How can AI change the industry? Faster diagnoses and improved treatment options

By Vassia Barba contact

- Last updated on GMT

(Image: Getty/PhonlamaiPhoto)
(Image: Getty/PhonlamaiPhoto)

Related tags: Artificial intelligence, AI, ImaginAB, Life sciences

Artificial intelligence tools will allow the pharmaceutical companies to make predictions about diseases more effectively than before, says ImaginAB’s CEO.

Ian Wilson spoke about the use of AI during the panel discussion “Technologies and Treatments - What’s on the horizon?”, at the 16th Anglonordic Life Science Conference.

ImaginAB, a company focusing on positron-emission tomography (PET) molecular imaging, has developed antibody fragments aiming for safe, fast and detailed illumination of the targeted cancer cells by the radioisotope.

On the path to create precise images of disease activity, ImaginAB’s technology requires fast and efficient data management and, in order to achieve this, the company uses artificial intelligence (AI) and ‘machine learning’ tools.

“We collect multiple data sets from images, biopsies and health records. However, creating a database and storing it in the cloud is easy; what we need to do is look for trends into the complex data sets,”​ Wilson told us.

This is where AI tools can contribute. “Machine learning allows us to rapidly question and explore those trends. Through automatic data comparison we get the chance to identify new things and test hypotheses,”​ he said.

According to Wilson, the implementation of AI in whole body PET molecular imaging not only reduces the image processing times but also allows to produce images of a higher quality.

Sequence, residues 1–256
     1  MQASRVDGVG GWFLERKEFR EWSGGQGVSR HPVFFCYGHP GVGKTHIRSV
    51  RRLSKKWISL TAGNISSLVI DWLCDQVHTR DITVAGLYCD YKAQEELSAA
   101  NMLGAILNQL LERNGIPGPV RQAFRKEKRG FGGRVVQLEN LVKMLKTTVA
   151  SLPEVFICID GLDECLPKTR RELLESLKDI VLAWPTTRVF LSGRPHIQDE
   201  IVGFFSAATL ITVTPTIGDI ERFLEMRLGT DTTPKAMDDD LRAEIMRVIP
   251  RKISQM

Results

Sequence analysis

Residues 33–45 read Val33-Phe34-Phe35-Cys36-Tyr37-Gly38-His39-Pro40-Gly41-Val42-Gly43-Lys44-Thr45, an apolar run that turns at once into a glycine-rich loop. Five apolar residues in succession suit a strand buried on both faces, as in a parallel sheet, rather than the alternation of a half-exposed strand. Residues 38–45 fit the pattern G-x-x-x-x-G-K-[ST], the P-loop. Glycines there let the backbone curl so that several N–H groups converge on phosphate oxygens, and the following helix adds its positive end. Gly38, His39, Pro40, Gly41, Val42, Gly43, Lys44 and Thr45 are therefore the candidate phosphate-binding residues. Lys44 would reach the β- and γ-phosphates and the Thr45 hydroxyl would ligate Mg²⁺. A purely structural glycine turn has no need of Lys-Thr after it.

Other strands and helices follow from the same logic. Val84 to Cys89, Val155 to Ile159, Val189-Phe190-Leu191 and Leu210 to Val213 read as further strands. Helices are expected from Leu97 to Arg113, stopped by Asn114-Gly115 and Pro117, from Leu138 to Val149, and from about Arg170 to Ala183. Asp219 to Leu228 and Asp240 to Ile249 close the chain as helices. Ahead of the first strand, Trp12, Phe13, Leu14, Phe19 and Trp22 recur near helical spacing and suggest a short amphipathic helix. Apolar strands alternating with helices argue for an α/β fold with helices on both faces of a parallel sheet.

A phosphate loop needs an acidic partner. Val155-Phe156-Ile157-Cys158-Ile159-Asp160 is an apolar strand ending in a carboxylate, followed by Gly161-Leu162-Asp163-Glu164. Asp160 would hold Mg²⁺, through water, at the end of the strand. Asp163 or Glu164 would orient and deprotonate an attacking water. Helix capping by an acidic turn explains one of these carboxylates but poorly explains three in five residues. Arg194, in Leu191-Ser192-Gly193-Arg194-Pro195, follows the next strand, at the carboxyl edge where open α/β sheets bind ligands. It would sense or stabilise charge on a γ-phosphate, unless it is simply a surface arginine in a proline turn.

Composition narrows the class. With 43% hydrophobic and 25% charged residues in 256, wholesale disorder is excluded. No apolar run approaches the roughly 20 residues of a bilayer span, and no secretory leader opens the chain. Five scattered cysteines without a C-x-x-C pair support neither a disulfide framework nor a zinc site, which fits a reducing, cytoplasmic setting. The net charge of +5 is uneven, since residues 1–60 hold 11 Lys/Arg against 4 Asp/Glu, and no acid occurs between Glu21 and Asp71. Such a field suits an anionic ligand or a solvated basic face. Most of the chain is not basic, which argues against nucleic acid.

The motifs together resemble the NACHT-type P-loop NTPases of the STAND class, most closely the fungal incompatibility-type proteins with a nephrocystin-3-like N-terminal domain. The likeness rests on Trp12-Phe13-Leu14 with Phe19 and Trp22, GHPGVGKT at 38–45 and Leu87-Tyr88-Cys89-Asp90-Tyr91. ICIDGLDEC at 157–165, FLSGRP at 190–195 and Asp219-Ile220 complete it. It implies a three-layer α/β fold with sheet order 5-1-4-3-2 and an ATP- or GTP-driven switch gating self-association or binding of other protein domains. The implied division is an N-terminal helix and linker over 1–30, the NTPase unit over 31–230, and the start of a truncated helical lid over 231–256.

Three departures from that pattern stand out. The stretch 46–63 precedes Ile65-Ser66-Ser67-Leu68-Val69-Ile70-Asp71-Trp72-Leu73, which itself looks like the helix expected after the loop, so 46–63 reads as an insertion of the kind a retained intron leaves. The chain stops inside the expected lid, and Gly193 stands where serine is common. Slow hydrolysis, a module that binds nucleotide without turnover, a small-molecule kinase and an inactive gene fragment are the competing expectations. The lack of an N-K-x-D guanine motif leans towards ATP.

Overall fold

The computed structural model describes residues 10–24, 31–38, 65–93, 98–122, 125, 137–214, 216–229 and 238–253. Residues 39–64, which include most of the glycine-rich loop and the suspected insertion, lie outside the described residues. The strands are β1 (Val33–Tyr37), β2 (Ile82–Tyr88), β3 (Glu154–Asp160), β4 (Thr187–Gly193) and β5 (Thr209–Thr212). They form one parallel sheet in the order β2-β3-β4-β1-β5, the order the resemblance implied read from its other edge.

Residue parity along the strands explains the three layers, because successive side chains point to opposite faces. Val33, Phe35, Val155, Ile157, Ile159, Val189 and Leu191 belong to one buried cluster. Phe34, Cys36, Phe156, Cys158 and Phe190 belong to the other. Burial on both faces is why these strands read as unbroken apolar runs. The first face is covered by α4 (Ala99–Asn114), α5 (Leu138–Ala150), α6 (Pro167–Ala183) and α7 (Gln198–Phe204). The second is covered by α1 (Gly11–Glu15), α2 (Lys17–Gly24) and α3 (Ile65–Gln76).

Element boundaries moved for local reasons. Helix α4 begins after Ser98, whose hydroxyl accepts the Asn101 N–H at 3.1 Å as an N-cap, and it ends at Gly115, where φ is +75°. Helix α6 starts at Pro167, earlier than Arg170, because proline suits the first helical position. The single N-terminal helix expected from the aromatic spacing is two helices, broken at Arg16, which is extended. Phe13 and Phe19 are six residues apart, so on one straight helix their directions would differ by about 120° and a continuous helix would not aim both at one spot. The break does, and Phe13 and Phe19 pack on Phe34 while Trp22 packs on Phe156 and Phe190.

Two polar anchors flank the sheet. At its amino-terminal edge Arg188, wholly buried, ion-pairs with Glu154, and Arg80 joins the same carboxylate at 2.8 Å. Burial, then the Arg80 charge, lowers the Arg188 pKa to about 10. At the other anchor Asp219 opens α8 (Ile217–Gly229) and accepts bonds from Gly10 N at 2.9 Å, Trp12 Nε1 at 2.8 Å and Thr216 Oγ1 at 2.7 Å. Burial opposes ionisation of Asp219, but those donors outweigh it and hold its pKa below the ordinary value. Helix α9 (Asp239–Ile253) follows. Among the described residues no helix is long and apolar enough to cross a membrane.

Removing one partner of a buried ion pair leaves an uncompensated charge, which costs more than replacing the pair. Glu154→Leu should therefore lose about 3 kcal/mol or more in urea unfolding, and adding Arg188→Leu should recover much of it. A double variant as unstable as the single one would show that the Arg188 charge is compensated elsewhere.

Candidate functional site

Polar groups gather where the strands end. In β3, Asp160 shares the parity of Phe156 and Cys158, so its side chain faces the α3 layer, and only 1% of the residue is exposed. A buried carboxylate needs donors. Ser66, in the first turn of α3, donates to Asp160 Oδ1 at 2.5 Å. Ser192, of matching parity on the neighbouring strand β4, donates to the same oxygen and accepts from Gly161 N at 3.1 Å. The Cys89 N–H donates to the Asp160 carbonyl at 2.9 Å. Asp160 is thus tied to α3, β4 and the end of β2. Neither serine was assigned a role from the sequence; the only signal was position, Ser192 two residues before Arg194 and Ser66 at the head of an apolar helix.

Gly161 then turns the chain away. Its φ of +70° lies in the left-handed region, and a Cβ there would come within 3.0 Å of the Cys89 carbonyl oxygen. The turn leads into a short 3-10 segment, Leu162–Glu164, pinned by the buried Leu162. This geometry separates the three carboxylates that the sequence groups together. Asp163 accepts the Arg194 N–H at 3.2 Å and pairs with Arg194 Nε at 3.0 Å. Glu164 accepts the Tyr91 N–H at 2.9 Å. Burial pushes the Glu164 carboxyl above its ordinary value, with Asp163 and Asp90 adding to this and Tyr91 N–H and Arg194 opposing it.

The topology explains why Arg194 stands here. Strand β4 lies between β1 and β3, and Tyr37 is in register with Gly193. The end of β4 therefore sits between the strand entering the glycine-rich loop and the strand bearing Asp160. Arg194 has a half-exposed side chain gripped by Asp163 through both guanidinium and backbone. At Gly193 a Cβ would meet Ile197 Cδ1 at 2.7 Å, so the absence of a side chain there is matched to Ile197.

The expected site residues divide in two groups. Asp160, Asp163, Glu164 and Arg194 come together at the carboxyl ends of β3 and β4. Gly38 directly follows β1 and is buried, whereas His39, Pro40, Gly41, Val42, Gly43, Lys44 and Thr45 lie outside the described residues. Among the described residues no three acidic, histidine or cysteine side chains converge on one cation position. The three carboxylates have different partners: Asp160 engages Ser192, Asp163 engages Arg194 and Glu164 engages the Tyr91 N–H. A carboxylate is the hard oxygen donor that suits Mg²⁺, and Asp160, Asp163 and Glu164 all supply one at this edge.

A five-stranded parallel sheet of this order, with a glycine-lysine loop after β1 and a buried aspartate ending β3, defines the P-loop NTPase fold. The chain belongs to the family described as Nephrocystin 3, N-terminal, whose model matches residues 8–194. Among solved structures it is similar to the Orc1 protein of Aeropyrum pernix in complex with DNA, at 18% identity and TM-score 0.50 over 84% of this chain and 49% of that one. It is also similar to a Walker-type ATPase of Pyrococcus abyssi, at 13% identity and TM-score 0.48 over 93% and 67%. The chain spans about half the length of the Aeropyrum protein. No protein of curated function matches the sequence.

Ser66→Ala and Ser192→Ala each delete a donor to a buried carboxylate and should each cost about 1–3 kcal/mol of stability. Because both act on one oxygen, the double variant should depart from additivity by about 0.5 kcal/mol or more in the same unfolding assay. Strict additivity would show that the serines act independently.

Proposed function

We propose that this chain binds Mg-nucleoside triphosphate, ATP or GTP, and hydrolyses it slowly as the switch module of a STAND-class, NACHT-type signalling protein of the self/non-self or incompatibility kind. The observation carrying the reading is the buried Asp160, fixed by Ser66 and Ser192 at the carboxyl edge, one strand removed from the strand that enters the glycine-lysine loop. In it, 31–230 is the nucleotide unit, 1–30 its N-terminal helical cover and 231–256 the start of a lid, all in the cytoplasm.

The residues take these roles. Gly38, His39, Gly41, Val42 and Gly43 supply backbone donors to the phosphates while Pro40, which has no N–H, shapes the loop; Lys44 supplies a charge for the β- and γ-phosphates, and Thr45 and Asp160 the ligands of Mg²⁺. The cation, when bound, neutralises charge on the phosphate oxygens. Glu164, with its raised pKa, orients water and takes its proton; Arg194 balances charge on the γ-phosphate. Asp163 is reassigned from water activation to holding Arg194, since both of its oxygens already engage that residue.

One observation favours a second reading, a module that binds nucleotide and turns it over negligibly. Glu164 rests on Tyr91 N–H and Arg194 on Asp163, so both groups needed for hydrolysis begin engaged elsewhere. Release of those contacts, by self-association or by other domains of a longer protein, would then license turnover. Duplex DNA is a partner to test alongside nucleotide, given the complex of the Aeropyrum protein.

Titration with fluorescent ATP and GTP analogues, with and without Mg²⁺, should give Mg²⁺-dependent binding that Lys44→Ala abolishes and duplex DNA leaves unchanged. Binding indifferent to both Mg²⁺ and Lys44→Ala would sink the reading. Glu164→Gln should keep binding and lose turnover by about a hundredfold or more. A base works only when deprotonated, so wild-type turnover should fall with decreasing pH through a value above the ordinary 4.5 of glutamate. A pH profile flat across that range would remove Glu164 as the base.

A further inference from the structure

As a result, the patient gets scanned for less time and is exposed to less radioactivity. This leads to improved patient comfort, more reliable and faster diagnoses, and improved treatment decisions.

ImaginAB is currently testing in Phase II clinical trials for its ‘89ZrCD8’ PET tracer and, as Wilson told us, AI tools are in use to determine how effective the tracer is for monitoring clusters of differentiation 8 (CD8) T cells, in patients treated with immunotherapies.

Nevertheless, Wilson acknowledged that the results of AI tools can only be as good as the data provided.

Bad data in, bad comparisons out. If the experiments aren’t robust, the machine won’t learn. So, the key in trusting computer algorithms is being very certain that the data used is robust.

Users need to keep in mind that AI teaches itself, making use of the data we provide it​. AI always knows what it’s looking for and that is the main factor we should benefit from​,” he concluded.

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